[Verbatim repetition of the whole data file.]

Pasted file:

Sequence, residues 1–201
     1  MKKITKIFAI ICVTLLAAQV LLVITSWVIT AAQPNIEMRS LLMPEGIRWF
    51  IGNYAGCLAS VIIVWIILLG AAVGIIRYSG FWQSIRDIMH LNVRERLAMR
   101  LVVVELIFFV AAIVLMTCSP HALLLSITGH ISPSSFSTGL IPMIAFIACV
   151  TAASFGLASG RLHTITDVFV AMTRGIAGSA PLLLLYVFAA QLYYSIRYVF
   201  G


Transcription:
Sequence, residues 1–201
     1  MKKITKIFAI ICVTLLAAQV LLVITSWVIT AAQPNIEMRS LLMPEGIRWF
    51  IGNYAGCLAS VIIVWIILLG AAVGIIRYSG FWQSIRDIMH LNVRERLAMR
   101  LVVVELIFFV AAIVLMTCSP HALLLSITGH ISPSSFSTGL IPMIAFIACV
   151  TAASFGLASG RLHTITDVFV AMTRGIAGSA PLLLLYVFAA QLYYSIRYVF
   201  G